NY Appeals Court Upholds Staffing as Bargainable for Firefighters

The Appellate Division of the New York Supreme Court has ruled that minimum staffing is a bargainable subject that relates to the safety of firefighting personnel, and is not an illegal job-security clause. The case involves an effort by the City of Ogdensburg to block the grievance arbitration of the city’s unilateral reduction in shift staffing for the Ogdensburg Fire Department.

Ogdensburg Firefighters Association IAFF Local 1799 and the city had a collective bargaining agreement that provided for minimum shift staffing of five members. In December, 2020 the acting fire chief notified the union that starting January 1, 2021 the city would not adhere to the staffing provision, and may operate with as few as three firefighters per shift. The union filed a grievance, and upon its being denied sought binding arbitration.

That prompted the city to file suit seeking a court order staying the grievance arbitration because the minimum staffing provision was an illegal “job security clause.” The Supreme Court agreed concluding the provision was illegal as being against public policy. Local 1799 filed an appeal contending that minimum staffing is a legitimate, bargainable subject for firefighters.

The Appellate Division agreed with Local 1799, holding:

  • When deciding whether to stay or compel arbitration under CPLR 7503, courts are concerned only with the threshold determination of arbitrability, and not with the merits of the underlying claim.
  • Judicial restraint under the public policy exception is particularly appropriate in arbitrations pursuant to public employment [CBAs].
  • [Local 1799] contends that Supreme Court erred in concluding that its grievance concerned nonarbitrable job security clauses as the clauses relate only to minimum shift staffing requirements and do not guarantee employment to bargaining unit members during the life of the CBA, a hallmark of a no-layoff job security clause.
  • [Local 1799] further asserts that minimum staffing requirements set forth in article 18 (d) and (e) of the CBA pertain to health and safety concerns and are properly the subject of arbitration.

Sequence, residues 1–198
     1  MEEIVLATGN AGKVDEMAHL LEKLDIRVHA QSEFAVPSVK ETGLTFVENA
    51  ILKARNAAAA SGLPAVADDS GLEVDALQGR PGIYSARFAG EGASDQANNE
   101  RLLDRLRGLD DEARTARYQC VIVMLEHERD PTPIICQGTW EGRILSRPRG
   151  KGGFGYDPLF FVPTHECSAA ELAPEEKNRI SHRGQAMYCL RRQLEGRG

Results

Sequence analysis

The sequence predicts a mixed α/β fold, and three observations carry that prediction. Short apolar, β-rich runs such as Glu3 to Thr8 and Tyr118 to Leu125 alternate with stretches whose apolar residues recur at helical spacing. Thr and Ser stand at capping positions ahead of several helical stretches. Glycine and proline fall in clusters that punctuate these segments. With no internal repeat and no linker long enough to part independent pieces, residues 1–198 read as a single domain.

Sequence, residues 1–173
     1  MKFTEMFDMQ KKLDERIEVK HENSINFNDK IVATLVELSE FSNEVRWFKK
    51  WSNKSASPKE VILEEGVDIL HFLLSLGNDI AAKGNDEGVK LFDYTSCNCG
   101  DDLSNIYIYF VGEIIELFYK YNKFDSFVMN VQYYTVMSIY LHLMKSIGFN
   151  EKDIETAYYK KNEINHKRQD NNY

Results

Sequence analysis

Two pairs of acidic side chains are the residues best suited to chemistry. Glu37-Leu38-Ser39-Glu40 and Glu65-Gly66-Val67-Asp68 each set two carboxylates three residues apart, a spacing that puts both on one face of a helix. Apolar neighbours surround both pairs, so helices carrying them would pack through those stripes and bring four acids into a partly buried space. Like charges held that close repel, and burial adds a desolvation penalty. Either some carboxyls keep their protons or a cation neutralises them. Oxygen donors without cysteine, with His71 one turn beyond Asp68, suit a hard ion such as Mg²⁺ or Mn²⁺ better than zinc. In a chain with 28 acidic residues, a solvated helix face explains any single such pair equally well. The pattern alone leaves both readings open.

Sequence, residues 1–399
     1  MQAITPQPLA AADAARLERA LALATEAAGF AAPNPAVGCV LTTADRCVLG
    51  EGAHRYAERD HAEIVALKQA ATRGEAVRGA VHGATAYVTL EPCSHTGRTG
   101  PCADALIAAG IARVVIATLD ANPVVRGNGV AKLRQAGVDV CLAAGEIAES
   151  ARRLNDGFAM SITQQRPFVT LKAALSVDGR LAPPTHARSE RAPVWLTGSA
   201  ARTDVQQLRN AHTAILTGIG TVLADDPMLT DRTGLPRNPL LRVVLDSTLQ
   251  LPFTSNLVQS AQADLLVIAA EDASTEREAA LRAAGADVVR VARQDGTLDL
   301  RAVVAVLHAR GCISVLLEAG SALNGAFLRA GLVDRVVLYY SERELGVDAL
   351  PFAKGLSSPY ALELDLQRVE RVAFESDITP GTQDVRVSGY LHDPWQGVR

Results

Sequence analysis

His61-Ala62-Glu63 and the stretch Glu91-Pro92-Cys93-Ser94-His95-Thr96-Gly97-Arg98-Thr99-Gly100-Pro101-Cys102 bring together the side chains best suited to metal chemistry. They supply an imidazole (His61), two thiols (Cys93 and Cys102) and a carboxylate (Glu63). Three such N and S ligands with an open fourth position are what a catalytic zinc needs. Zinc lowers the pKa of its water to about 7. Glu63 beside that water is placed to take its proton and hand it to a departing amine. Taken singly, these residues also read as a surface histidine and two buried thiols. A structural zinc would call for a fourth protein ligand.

• Although the provisions at issue here do not expressly mention safety as a reason for the minimum staffing requirements, the safety considerations are self-evident from the nature of the work to be performed; the quintessentially dangerous task of addressing conflagrations that, from time to time, beset the community.
  • It goes without saying that, in such situations, having adequate personnel on hand would be essential to ensure firefighter safety as well as success in fighting the fires. In addition, the parties plainly agreed to arbitrate matters such as this as article 22 of the CBA clearly contemplates arbitration of grievances.
  • Supreme Court therefore erred in staying arbitration here.
  • [Internal quotation marks and citations omitted].

Here is a copy of the decision:

About Curt Varone

Curt Varone has over 40 years of fire service experience and 30 as a practicing attorney licensed in both Rhode Island and Maine. His background includes 29 years as a career firefighter in Providence (retiring as a Deputy Assistant Chief), as well as volunteer and paid on call experience. He is the author of two books: Legal Considerations for Fire and Emergency Services, (2006, 2nd ed. 2011, 3rd ed. 2014) and Fire Officer's Legal Handbook (2007), and is a contributing editor for Firehouse Magazine writing the Fire Law column.
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